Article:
Paul Strand

I just finished watching the documentary Strand: Under the Dark Cloth. The commentary went “[Late in life] Paul Strand went to Ghana… where he used a handheld camera for the first time.” Yeah, what looks to be Graflex RB single lens reflex

Cataracts waylaid him briefly in his old age but still he printed – trying to direct his wife Hazel in the darkroom (operations restored his vision and he never drove again, but immediately returned to the darkroom).
Paul Strand was a much younger contemporary of Alfred Stieglitz, and the young Strand at first emulated the pictorialists he saw at the 291 gallery. He later moved to formal abstractions in his images and helped define early American modernism in photography. There is an interesting write-up on the Metropolitan Museum site.
Strand looms large in the world of photogravure. Stieglitz’s seminal magazine Camera Work reproduced several of Strand’s images in photogravure, the final issue being devoted almost entirely to Strand’s work. The quality of the photogravures in Camera Work is said to be outstanding.
In 1940, Paul Strand issued a portfolio of twenty photogravures entitled Photographs of Mexico in an edition of 250. In 1967, Strand reissued the work from the original steel faced copper plates as The Mexican Portfolio in an edition of 1,000. Published by Da Capo Press, with the photogravures printed by the Andersen Lamb Company, of Brooklyn, on Rives BFK paper. Beth Moon observed when we sat down to view them with Mark Nelson and his friend Richard that the photogravures seemed to be varnished. Mark later found a reference to a letter by Strand confirming this. The above note indicates the varnish used in the 1940 edition has in many cases since darkened. The varnish in the 1967 portfolio in my possession seems quite clear. Aperture has available six of the images in an edition of 350 printed by Jon Goodman, from the original plates.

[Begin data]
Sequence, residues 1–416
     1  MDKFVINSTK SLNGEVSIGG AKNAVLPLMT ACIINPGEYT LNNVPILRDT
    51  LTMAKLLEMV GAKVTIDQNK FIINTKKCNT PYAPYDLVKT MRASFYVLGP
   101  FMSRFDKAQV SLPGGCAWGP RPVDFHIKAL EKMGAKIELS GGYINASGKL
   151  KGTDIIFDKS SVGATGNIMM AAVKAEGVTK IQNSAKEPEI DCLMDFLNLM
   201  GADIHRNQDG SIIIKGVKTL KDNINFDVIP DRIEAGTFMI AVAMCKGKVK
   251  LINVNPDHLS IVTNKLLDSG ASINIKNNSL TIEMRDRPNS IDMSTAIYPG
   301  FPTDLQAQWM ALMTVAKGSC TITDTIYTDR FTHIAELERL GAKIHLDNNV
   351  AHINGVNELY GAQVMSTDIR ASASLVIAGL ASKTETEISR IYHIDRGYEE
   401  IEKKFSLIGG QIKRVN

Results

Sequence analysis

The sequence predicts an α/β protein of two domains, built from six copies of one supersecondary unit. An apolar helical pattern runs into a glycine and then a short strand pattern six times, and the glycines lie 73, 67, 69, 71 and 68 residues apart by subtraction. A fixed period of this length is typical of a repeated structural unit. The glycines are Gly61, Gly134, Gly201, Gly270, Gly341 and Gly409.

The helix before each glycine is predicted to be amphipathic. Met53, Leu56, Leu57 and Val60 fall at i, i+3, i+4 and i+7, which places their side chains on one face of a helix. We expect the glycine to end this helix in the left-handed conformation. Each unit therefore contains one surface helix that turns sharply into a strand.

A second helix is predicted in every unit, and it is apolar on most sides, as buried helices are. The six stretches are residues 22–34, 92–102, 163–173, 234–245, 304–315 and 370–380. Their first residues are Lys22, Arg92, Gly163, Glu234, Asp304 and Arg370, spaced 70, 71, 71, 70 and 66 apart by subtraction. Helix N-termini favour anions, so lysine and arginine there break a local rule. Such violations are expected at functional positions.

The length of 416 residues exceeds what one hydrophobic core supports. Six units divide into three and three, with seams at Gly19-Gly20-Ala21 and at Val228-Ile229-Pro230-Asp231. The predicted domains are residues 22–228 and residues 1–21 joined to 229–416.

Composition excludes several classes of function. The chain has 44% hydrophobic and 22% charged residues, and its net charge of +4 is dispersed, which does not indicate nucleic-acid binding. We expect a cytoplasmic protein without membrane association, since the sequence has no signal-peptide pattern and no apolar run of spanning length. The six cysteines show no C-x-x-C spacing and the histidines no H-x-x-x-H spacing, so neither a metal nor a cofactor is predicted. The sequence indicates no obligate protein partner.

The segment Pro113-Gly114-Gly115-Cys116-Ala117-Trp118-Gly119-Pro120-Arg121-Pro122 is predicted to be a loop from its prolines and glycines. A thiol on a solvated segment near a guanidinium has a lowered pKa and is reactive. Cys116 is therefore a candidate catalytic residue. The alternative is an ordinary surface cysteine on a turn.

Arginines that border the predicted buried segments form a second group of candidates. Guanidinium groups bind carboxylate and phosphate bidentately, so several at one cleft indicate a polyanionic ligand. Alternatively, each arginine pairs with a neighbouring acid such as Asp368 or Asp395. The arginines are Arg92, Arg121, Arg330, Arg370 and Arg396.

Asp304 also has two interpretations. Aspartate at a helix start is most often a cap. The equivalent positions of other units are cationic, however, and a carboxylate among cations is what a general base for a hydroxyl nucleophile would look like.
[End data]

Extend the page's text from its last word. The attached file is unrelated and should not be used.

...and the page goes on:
I picked up the 1967 portfolio (said by Strand in the preface to exceed the quality of the 1940 edition – but perhaps that is marketing) to have an example of outstanding photogravure work to set a goal, that is probably unachievable by me in my lifetime, of quality for the process. 
Various searches on Google yield interesting articles about Strand and photogravures. Anne Hammond’s article on Photographic Art and Gravure and Letterpress: A Comparative Study of Paul Strand and Ansel Adams being worthy of a read. A reprint of an article about Jon Goodman by Andrew Wilkes that appeared in Aperture #133 is also worth reading.
I first saw a reference citing The Mexican Portfolio as an outstanding example in photogravure in the excellent text Copper Plate Photogravure: Demystifying the Process.  Amazon.com indicates I purchased that text on July 5, 2007. I wonder what led me to do that?

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